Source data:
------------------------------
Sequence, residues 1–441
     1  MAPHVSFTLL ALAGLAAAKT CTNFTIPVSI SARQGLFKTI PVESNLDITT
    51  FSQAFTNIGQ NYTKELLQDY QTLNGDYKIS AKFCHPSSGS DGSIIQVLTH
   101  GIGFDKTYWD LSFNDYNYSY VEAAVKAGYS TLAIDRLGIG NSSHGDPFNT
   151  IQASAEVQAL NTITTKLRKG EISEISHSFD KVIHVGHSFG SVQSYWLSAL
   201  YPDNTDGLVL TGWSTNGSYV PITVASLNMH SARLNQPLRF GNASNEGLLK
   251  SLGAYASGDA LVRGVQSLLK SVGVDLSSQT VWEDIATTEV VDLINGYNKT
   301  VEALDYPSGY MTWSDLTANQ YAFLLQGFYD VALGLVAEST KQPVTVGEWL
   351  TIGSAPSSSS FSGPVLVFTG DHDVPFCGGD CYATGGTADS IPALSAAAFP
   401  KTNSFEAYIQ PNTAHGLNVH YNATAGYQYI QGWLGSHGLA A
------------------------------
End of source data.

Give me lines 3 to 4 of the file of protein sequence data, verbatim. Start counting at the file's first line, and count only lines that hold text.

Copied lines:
    51  FSQAFTNIGQ NYTKELLQDY QTLNGDYKIS AKFCHPSSGS DGSIIQVLTH
   101  GIGFDKTYWD LSFNDYNYSY VEAAVKAGYS TLAIDRLGIG NSSHGDPFNT